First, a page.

Disinheritance is the omission of a spouse or children from a will. The principal protection of a surviving spouse against disinheritance is his or her share in the community property. Each spouse has the power to dispose of only his or her half of the community property, as well as his or her separate property. Arizona law gives either spouse power separately to dispose of community property, except that both must join in disposition of most interests in real property.
If a person executes a will and later marries, Arizona law gives the surviving spouse an intestate share unless:
- the will showed that the spouse’s omission was intentional,
- the will states that it is to be effective notwithstanding any subsequent marriage, or
- the testator (the person who executes a will) made a transfer of property outside the will which can be shown to have been intended as a substitute for provision by will.
This rule does not apply, however, to any property bequeathed to the testator’s child or children who are born prior to the testator’s marriage to the surviving spouse. Because it is common for such an individual to have a will leaving everything to the children from a prior marriage, it is possible that an omitted spouse will also be a disinherited spouse.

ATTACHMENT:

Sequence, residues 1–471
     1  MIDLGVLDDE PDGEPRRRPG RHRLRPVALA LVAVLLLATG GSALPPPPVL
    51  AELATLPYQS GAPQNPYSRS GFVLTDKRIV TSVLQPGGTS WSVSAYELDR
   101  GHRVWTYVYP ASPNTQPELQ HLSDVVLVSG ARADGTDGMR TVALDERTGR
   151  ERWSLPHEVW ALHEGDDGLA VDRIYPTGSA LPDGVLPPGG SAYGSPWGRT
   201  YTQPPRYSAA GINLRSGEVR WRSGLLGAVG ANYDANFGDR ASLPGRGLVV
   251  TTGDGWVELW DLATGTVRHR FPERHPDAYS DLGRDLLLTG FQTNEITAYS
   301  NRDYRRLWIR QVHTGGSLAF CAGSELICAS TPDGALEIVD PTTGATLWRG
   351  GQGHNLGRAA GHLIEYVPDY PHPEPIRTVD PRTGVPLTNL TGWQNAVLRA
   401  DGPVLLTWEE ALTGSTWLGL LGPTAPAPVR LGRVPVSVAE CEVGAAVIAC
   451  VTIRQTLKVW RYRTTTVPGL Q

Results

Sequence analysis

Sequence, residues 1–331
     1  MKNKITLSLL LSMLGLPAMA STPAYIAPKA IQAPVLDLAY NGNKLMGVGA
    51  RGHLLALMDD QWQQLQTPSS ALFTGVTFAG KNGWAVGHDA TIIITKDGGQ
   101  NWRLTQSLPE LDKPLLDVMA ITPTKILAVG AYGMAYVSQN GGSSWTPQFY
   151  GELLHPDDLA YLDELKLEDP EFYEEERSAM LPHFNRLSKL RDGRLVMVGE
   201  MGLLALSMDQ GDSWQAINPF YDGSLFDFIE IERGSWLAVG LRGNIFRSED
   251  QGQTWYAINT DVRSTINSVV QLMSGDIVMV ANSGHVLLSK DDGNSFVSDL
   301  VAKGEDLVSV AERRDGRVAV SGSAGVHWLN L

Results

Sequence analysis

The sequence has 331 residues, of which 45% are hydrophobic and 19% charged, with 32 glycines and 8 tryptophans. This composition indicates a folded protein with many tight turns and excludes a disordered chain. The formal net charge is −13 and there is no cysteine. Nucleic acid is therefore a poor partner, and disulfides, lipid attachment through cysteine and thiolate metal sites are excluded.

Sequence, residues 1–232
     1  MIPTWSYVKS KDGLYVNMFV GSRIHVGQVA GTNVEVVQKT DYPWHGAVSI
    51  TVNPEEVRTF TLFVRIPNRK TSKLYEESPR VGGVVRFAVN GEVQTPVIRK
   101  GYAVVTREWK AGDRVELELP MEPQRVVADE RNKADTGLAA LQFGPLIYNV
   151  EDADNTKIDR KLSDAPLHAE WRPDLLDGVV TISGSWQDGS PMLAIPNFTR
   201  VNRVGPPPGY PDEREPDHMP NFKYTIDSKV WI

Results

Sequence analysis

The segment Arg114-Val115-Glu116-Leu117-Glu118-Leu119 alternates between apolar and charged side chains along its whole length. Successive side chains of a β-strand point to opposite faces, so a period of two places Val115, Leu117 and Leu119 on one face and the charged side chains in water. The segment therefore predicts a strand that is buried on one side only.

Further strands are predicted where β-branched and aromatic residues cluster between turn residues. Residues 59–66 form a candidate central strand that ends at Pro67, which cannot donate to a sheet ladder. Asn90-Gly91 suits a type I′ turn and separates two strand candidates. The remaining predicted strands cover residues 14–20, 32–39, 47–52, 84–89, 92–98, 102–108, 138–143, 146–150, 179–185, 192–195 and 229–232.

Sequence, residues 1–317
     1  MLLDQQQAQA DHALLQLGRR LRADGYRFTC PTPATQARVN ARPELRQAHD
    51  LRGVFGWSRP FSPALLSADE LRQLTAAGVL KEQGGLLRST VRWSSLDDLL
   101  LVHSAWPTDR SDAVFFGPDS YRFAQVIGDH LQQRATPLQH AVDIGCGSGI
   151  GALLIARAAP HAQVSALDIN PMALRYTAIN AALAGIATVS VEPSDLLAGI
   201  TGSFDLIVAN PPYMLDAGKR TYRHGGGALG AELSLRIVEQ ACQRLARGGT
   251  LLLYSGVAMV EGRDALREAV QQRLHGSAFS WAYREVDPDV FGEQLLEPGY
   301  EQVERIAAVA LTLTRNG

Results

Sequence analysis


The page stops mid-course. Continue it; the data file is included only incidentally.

Children born or adopted after execution of a will may be unintentionally omitted from the will, in which case they are entitled to an intestate share. Children receive no intestate share if there is a surviving spouse and the children of the decedent are also the children of the surviving spouse. This means the omitted children will benefit only when:
- there is no surviving spouse, or
- there is a spouse but the children of the testator are by a prior marriage.
The omission of a child is treated as unintentional except in the following situations:
- when the testator’s will shows intent to exclude an after-born child,
- where the will, executed when the testator has one or more children, leaves substantially all his estate to his wife, who is the mother of the after-born child, and
- where the testator provides for the after-born child by a transfer outside the will, which is intended to be in lieu of a share in the estate.
The above article is an excerpt from Estate Planning in Arizona: What You Need to Know, 2nd Edition (Wheatmark, 2019), by Donald A. Loose, republished with the author’s permission.
Disclaimer: Laws change constantly. Specific legal advice should be obtained regarding any legal matter. The information contained on this website does not constitute legal advice and no attorney-client relationship is created.
Don likes to target shoot, scuba dive, and pilot airplanes. Most recently, he has been working on his golf handicap. Don enjoys writing, reading, and spending time with his wife, twin sons, and golden retriever, Lucy.